If they don’t actually form the words, their stares say it all.
To Rogers, who most know simply as Q, the answer is simple.
“This was how it was meant to be,” she said. “I wasn’t meant to be able to walk. I bet whether I was in town or out of town or old or young, this would have happened.”
Rogers, who graduated from the Academy of Richmond County on Sunday, doesn’t question the way things are. After being hit by a drunk driver when she was 20 months old, Rogers never walked, didn’t dance at prom, didn’t take her parents’ car for a spin when she turned 16.
But her accomplishments amaze those who know her, not because she’s in a wheelchair, but because she’s a young woman with a fire inside.
“She has always been someone who initiates the process, not just a person who stands by and waits for something to happen,” said ARC senior guidance counselor Sonya Bolden Weaver. “She’s a good friend to a lot of students.”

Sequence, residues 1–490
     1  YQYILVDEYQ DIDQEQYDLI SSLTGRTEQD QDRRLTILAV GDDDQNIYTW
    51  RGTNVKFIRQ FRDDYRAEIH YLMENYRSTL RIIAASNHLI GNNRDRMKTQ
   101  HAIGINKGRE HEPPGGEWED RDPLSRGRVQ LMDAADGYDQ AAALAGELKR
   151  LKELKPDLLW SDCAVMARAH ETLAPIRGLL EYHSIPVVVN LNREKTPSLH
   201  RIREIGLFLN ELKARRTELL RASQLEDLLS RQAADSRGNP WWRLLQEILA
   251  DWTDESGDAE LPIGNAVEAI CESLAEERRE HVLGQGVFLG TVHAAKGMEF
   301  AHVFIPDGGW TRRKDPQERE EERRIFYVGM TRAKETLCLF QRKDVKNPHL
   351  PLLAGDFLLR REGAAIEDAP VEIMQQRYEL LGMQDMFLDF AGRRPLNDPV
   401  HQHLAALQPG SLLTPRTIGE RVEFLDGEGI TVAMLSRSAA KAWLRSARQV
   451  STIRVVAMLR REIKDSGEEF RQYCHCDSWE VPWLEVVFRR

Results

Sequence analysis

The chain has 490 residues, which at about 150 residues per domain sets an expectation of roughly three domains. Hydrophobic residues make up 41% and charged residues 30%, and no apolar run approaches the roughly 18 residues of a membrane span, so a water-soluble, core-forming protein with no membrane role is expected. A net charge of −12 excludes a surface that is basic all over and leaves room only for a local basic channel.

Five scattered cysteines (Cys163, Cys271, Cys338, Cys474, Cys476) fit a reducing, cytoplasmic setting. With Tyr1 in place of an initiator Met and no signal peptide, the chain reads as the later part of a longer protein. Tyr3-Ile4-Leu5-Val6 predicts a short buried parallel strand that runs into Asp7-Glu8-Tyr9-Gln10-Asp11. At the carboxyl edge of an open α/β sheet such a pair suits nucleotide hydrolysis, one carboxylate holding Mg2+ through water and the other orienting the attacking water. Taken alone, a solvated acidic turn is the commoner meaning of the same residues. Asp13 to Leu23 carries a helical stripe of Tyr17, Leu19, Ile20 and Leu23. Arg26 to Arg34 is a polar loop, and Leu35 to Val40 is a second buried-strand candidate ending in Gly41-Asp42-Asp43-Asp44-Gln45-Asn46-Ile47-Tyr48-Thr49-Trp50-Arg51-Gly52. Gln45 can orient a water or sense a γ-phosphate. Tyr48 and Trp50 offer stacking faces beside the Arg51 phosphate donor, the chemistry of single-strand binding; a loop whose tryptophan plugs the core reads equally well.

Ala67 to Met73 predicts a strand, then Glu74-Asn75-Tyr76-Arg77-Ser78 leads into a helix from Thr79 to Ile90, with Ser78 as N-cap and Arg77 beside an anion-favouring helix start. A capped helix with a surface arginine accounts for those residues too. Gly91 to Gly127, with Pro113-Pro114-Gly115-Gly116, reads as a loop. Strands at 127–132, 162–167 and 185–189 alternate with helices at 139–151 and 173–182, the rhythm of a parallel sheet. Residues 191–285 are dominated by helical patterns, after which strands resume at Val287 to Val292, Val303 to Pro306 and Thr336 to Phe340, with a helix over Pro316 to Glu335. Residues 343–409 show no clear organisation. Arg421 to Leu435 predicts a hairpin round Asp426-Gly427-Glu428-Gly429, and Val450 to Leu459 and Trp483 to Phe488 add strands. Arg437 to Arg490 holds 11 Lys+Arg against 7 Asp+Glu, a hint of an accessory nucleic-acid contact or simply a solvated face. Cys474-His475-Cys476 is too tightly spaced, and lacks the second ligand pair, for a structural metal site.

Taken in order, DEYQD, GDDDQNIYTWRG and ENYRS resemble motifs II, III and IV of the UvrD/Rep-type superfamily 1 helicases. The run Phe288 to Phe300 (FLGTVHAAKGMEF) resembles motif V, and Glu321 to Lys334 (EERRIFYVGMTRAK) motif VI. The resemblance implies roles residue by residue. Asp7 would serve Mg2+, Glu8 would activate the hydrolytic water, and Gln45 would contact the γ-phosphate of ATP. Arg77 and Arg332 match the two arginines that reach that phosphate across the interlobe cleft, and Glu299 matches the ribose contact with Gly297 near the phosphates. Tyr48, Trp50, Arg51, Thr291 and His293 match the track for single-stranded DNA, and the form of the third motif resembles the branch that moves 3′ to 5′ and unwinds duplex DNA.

In the fall, Rogers will leave the city where she has lived all her life to attend Armstrong Atlantic State University in Savannah. She wanted to go to the University of Georgia but after a visit realized the campus would be too hilly.
Armstrong turned out to be a perfect fit. Rogers wants to study radiologic science, an interest that grew after spending summer after summer in the hospital for spine surgery.
In middle school Rogers was laidback, shy and reserved. But when she hit high school, she started to branch out and enjoy being a teenager.
She became interested in fashion and loves stylish blouses and hair accessories.
She went to senior prom with a group of friends and wore a sparkly black dress with bright red Converse sneakers.
Rogers held an A or B average her senior year while juggling International Baccalaureate classes and a part-time job answering phones and monitoring laser tag at Adventure Crossing.
“I would like to encourage other people in my situation to always do what you can no matter what,” she said. “Everything I envision in my future, it’s been in this chair, and I’m OK with that.”